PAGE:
Battle of Santa Cruz de Rosales

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Battle of Santa Cruz de Rosales
Part of the Mexican-American War
Date March 16, 1848
Location Santa Cruz de Rosales, Chihuahua
Result U.S. victory
Belligerents
 United States  Mexico
Commanders and leaders
Sterling Price Angel Trias
Strength
200[1]:159 804[1]:159
Casualties and losses
4 killed
19 wounded[1]:159
328 killed[1]:159

The Battle of Santa Cruz de Rosales was an engagement of the Mexican-American War that took place after the Treaty of Guadalupe Hidalgo had been signed.

Background[edit]

Further information: United States order of battle

Arriving in El Paso on 23 February, Brigadier General Sterling Price, commander of U.S. forces in New Mexico, captured a courier carrying letters indicating Mexican General Jose de Urrea was advancing.[1]:159 Despite receiving orders to strike into Chihuahua only if an invasion force gathered there, Price left El Paso on 1 March with three companies of the 1st Dragoons and four companies of the 3d Missouri.[1]:159 Meeting at the site of the earlier Battle of Sacramento, Governor Angel Trias told Price of the signing of the Treaty of Guadalupe Hidalgo, yet Price continued on and entered Chihuahua on 7 March.[1]:159 On 8 March, Price and 200 men headed for Santa Cruz de Rosales, the fortifications where Trias had retreated with his men and artillery.[1]:159 Price sent for Lt. John Love's battery in El Paso, while Trias on 10 March, once again, explained a treaty had been signed.[1]:159

Battle[edit]

Price assaulted Santa Cruz de Rosales mid-morning on 16 March, carrying the town in two hours.[1]:159

Price received word that a Mexican cavalry force was in his rear and withdrew his artillery for protection. The defenders mistook this as a sign of retreat and kept up a heavy fire on the American forces. However, their aim was inaccurate, and the Mexican cavalry force turned out to be but a few men. After dispersing the counterattack, Price ordered his dismounted cavalry to capture the town. Price split his men into several storming parties and personally led one of them. Although Trias beat back attacks from the north and west, an attack from the south successfully carried the town plaza.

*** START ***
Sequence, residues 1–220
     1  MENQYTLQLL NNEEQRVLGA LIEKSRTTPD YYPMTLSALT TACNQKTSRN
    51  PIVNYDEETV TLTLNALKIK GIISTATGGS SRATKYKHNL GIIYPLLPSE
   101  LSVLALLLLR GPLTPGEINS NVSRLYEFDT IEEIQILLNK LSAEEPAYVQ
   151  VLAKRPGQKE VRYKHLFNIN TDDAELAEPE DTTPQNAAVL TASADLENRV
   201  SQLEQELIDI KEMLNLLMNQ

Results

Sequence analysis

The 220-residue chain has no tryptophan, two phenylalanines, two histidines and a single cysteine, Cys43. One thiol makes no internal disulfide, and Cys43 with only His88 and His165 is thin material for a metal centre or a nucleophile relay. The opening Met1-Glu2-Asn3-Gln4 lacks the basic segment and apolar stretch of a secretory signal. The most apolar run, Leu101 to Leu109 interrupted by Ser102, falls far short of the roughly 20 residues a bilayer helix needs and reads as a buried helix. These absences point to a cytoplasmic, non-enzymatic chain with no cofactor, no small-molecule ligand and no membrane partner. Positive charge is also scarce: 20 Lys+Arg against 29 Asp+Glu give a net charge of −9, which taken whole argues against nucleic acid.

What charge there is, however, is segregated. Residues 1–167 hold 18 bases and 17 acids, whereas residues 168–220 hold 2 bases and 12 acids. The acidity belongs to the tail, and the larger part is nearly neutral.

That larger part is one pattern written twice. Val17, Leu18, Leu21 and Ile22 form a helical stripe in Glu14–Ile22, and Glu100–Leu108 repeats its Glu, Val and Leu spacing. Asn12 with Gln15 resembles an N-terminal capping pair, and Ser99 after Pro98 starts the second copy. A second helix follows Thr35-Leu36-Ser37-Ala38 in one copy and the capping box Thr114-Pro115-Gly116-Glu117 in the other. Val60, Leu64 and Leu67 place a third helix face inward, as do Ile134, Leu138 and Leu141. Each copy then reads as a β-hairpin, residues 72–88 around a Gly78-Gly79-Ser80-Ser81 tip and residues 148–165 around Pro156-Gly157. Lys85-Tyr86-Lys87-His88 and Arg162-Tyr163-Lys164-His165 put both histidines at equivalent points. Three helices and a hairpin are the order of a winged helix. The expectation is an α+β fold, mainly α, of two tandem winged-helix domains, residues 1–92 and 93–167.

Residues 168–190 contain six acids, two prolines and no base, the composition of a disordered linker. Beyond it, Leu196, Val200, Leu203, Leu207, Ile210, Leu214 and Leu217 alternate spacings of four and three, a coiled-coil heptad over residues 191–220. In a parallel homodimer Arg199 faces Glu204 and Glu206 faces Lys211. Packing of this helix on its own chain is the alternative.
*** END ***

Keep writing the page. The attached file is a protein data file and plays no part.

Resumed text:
Aftermath[edit]

The Treaty of Guadalupe Hidalgo had been signed by both the United States and Mexico on February 2, 1848, and was ratified by the U.S. Congress on March 10. Therefore, Price's attack on Santa Cruz de Rosales in fact took place after the U.S. had agreed to peace, although the Mexican Congress would not ratify the treaty until March 19.

On 15 April, Price was ordered to withdraw and return captured property, and on 16 May, ordered back to El Paso by Secretary of War William L. Marcy, after being told he had violated orders.[1]:159

See also[edit]

References[edit]

  1. ^ a b c d e f g h i j k Bauer, K.J., 1974, The Mexican War, 1846-1848, New York:Macmillan, ISBN 0803261071

Additional Reading[edit]

  • The Cowpen Slaughter: Was there a Massacre of Mexican Soldiers at the Battle of Santa Cruz de Rosales? Vol. 81, New Mexico Historical Review, page 413 (November 2006).

External links[edit]